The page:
'A parade down 5th Avenue, bonnets in lavender, powder blues'

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When I was a boy, because of the song, I thought there really was an Easter parade, but the Easters came and went without one. But here's a glimpse of just a little piece of a parade by Kim Dower, who lives in Los Angeles. Her forthcoming book is Last Train to the Missing Planet, Red Hen Press, 2016. 

I Wore This Dress Today for You, Mom, 

breezy, floral, dancing with color

soft, silky, flows as I walk

Easter Sunday and you always liked


to get dressed, go for brunch, "maybe

there's a good movie playing somewhere?"

Wrong religion, we were not church-goers,


but New Yorkers who understood the value

of a parade down 5th Avenue, bonnets

in lavender, powder blues, pinks, hues


of spring, the hope it would bring.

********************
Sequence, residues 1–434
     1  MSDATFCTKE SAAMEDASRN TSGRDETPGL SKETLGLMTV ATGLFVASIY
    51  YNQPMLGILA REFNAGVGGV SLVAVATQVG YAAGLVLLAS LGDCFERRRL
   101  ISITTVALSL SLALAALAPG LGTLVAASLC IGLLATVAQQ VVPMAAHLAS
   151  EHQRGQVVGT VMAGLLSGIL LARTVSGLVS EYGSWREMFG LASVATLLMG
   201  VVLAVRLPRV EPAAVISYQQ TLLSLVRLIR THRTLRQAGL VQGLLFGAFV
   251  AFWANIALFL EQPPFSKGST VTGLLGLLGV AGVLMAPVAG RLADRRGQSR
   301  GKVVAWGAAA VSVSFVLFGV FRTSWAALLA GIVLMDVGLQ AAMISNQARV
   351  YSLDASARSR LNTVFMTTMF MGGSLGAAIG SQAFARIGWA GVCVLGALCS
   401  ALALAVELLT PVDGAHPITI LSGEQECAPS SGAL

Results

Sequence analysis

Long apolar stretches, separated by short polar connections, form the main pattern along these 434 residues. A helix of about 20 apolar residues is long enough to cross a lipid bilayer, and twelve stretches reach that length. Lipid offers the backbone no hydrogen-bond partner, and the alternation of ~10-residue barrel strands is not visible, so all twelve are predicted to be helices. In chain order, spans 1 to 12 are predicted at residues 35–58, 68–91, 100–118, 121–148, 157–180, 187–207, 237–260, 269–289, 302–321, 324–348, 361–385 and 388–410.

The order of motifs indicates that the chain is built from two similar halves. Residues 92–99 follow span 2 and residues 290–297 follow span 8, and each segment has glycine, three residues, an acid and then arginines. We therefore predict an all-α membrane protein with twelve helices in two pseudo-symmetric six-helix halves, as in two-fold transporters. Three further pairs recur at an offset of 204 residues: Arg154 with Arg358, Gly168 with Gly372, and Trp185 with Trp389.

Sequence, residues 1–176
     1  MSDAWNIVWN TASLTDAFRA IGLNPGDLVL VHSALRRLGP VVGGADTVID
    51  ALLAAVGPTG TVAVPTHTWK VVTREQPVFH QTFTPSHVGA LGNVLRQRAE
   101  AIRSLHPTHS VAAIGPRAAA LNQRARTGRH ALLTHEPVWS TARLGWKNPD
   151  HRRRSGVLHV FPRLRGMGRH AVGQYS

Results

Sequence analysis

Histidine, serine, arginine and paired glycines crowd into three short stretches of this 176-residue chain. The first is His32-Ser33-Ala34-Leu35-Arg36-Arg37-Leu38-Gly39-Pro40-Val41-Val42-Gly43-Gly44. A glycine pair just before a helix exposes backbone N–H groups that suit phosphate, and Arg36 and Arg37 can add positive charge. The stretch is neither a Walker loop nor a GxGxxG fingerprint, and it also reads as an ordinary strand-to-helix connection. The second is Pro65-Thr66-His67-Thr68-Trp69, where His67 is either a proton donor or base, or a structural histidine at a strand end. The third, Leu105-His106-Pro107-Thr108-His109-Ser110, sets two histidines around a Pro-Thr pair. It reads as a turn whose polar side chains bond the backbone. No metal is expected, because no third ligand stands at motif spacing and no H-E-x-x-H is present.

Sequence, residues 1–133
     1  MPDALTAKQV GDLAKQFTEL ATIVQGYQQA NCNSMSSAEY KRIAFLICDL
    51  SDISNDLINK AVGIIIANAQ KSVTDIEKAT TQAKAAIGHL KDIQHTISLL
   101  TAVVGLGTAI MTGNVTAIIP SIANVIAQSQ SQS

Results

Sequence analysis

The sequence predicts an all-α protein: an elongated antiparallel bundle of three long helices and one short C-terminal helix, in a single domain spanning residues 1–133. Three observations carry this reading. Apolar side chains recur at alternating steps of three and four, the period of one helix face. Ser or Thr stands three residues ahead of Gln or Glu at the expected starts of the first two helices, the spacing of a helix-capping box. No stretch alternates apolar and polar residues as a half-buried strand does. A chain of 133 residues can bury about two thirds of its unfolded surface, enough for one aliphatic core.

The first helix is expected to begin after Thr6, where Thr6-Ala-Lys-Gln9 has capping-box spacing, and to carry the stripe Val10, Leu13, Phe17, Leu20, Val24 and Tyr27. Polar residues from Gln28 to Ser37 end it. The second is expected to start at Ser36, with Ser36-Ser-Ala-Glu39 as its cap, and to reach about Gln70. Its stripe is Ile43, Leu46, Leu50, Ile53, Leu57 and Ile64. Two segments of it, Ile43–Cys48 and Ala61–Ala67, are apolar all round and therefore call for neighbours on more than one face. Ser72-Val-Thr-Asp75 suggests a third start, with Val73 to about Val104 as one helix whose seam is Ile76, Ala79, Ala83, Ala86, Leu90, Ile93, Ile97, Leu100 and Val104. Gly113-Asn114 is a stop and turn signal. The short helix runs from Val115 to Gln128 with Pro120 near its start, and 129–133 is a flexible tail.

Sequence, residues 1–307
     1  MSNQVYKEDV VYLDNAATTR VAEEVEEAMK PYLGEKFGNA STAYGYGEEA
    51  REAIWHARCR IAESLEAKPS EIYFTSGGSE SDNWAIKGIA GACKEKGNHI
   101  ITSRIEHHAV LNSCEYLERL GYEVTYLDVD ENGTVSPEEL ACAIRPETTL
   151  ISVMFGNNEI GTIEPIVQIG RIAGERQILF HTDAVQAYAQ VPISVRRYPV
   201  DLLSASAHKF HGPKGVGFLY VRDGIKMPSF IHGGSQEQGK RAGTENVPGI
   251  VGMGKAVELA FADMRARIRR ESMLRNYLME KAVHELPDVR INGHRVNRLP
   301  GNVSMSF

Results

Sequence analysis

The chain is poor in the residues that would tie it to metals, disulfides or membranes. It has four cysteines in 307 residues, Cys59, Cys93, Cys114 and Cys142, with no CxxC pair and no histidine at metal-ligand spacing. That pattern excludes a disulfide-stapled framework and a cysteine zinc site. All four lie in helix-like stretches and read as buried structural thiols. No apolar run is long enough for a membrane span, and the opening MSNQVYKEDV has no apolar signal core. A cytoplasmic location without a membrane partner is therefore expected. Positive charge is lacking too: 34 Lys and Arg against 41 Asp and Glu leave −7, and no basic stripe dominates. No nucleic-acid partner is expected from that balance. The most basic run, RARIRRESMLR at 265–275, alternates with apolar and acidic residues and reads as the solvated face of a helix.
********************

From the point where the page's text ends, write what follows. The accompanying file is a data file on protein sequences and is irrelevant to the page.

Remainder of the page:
We had no religion but we did have

noodle kugel, grandparents, dads


who could fix fans, reach the china

on the top shelf, carve the turkey.

That time has passed. You were the last


to go, mom, and I still feel bad I never

got dressed up for you like you wanted me to.

I had things, things to do. But today in L.A. —


hot the way you liked it — those little birds

you loved to see flitting from tree to tree —

just saw one, a twig in its mouth, preparing


a bed for its baby — might still be an egg,

I wish you were here. I've got a closet filled

with dresses I need to show you.


American Life in Poetry is made possible by the Poetry Foundation, publisher of Poetry magazine. It is also supported by the Department of English at the University of Nebraska-Lincoln. Poem copyright 2015 by Kim Dower, 'I Wore This Dress Today for You, Mom,' from Rattle, (No. 48, Summer, 2015). Poem reprinted by permission of Kim Dower and the publisher. Introduction copyright 2015 by the Poetry Foundation. The introduction's author, Ted Kooser, served as United States Poet Laureate Consultant in Poetry to the Library of Congress from 2004-06.





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